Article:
The Eagle Nebula, also known as M 16, seen by ESA’s Herschel space observatory. The nebula lies about 6500 light-years away.
A group of young, bright stars, not visible at these infrared wavelengths, are located near the centre of the image. The powerful light emitted by these stars is setting the surrounding gas ablaze, causing it to shine; the stars also drive mighty winds that are carving the giant cavities in the cloud.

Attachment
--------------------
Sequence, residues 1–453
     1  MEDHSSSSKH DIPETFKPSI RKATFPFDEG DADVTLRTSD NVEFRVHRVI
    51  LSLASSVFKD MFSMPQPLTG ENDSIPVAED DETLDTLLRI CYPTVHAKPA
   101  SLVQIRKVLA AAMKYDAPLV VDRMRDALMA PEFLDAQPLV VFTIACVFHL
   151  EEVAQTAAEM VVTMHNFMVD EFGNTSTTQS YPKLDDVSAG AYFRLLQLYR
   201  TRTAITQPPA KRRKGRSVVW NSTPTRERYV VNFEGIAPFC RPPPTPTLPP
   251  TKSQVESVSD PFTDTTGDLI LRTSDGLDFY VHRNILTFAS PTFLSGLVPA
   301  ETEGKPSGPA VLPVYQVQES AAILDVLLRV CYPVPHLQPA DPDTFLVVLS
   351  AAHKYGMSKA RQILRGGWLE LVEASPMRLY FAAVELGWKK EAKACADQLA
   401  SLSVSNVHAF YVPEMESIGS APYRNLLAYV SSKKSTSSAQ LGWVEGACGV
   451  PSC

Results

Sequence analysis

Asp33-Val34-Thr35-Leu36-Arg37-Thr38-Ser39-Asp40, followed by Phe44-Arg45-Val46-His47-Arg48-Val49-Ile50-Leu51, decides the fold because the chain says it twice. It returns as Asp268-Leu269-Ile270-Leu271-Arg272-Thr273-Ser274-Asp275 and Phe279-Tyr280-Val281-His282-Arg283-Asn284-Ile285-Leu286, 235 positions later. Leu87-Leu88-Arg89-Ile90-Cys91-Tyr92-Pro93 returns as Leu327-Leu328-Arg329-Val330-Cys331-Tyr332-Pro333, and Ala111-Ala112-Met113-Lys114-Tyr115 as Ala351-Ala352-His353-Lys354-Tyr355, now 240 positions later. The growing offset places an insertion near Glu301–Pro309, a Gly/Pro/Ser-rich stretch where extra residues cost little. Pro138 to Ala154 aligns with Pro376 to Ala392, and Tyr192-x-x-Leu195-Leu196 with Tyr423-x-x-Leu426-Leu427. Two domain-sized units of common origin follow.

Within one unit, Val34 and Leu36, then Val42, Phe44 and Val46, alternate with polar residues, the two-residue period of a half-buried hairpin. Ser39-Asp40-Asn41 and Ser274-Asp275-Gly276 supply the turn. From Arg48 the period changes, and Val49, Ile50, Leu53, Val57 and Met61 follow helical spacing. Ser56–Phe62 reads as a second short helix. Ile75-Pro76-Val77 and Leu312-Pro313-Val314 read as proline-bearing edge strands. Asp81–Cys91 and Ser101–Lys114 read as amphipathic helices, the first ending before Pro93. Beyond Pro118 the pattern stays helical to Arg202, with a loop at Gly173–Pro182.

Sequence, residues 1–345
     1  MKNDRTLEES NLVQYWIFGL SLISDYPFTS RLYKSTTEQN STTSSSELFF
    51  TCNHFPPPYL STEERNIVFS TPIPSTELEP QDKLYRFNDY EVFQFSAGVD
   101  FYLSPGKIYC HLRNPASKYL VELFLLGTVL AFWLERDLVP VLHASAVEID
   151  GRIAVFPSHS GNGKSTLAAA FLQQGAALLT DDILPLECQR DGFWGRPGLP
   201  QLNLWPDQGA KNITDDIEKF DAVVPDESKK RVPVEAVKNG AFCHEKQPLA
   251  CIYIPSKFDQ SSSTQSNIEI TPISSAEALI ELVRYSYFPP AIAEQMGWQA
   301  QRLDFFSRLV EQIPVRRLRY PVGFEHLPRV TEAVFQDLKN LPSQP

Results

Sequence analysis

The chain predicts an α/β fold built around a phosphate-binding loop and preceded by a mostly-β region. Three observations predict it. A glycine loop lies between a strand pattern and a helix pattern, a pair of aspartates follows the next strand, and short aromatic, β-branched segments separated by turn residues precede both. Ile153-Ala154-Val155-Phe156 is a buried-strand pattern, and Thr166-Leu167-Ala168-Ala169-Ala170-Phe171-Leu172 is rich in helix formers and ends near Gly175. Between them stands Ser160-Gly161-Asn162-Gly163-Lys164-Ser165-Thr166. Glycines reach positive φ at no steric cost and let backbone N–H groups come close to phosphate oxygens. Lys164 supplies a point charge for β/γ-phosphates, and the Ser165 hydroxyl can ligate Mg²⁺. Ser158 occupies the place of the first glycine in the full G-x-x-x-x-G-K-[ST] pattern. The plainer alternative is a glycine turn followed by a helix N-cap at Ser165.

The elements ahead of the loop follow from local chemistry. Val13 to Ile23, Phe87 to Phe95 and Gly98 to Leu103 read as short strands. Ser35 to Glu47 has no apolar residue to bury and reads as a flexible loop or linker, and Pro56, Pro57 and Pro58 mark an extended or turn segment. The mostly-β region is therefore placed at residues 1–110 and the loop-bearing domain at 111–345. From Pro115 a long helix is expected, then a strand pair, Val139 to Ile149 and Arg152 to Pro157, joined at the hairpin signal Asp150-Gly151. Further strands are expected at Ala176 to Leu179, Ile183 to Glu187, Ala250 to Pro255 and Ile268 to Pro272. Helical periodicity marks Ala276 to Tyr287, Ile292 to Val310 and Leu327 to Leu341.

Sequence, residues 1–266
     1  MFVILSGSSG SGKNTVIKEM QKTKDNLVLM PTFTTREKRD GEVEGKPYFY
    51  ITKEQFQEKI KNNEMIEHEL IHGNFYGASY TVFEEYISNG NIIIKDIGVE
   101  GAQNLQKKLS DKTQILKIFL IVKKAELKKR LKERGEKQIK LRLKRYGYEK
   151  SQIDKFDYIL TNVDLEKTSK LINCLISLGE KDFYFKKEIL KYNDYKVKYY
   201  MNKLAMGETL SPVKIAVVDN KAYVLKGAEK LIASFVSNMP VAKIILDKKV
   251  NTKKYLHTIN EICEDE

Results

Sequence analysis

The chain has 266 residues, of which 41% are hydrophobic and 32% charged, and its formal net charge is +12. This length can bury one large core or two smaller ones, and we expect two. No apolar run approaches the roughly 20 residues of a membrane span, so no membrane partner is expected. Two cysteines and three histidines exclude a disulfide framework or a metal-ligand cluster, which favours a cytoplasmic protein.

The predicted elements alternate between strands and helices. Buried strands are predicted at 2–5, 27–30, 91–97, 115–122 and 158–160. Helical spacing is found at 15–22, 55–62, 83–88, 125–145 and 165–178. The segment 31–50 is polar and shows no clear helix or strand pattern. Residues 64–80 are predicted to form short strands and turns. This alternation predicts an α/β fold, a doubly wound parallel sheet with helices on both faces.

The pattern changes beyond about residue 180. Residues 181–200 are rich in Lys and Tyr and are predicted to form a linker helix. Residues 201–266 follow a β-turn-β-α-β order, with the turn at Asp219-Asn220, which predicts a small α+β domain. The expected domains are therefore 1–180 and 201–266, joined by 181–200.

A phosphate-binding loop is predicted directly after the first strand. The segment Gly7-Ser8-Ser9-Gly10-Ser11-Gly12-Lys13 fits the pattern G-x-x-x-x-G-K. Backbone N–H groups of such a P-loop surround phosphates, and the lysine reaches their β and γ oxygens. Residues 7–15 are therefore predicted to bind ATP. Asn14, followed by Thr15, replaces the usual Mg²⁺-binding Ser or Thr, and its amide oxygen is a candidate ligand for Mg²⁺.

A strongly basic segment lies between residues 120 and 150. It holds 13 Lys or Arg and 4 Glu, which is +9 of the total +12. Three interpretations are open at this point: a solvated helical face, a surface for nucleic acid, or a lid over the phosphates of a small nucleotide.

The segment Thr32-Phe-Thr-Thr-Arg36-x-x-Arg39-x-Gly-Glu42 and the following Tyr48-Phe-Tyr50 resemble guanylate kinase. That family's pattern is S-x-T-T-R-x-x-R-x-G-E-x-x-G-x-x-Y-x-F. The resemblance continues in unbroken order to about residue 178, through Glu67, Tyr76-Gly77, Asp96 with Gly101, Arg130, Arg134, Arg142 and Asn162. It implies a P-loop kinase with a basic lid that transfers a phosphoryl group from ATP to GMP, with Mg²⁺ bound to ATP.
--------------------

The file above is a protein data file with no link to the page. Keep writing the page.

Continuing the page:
At the borders of these cavities, the interstellar mixture of gas and dust becomes denser, eventually collapsing and giving rise to a new generation of stars.
The image is a composite of the wavelengths of 70 microns (blue), 160 microns (green) and 350 microns (red).
Acknowledgement: G. Li Causi, IAPS/INAF, Italy